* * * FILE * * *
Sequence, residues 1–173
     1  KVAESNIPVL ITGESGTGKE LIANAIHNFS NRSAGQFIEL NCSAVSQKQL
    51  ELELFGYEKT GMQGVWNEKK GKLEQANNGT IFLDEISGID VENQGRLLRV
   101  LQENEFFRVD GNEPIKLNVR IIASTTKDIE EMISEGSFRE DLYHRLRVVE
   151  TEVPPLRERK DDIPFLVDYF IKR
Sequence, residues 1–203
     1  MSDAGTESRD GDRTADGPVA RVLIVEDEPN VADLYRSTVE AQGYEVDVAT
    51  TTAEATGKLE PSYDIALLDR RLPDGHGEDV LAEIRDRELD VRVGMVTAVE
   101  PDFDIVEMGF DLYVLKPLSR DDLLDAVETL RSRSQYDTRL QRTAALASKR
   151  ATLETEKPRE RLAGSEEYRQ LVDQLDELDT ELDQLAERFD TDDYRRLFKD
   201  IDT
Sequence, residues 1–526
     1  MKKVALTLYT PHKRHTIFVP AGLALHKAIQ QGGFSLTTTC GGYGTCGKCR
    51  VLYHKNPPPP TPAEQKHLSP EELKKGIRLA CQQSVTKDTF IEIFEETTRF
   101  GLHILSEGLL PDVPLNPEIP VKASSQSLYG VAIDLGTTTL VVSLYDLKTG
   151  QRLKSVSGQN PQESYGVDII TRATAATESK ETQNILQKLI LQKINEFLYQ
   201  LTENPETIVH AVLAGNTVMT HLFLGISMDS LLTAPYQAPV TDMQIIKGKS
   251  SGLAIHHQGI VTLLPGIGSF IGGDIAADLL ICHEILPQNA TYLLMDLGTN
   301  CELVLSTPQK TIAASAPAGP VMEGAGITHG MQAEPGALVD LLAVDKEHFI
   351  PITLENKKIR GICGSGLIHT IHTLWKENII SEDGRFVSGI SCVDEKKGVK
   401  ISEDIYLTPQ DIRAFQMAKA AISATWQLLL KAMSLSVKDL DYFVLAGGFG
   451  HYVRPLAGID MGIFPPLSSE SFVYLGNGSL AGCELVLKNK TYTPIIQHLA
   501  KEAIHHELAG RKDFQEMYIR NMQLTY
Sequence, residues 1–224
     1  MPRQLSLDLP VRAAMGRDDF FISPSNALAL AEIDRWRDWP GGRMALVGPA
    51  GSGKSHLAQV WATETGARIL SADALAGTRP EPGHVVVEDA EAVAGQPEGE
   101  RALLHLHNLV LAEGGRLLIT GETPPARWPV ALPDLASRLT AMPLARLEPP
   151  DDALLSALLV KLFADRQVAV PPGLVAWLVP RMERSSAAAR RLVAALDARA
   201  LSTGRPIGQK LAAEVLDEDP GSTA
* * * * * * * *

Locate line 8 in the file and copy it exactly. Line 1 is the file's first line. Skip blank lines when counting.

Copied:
    51  TTAEATGKLE PSYDIALLDR RLPDGHGEDV LAEIRDRELD VRVGMVTAVE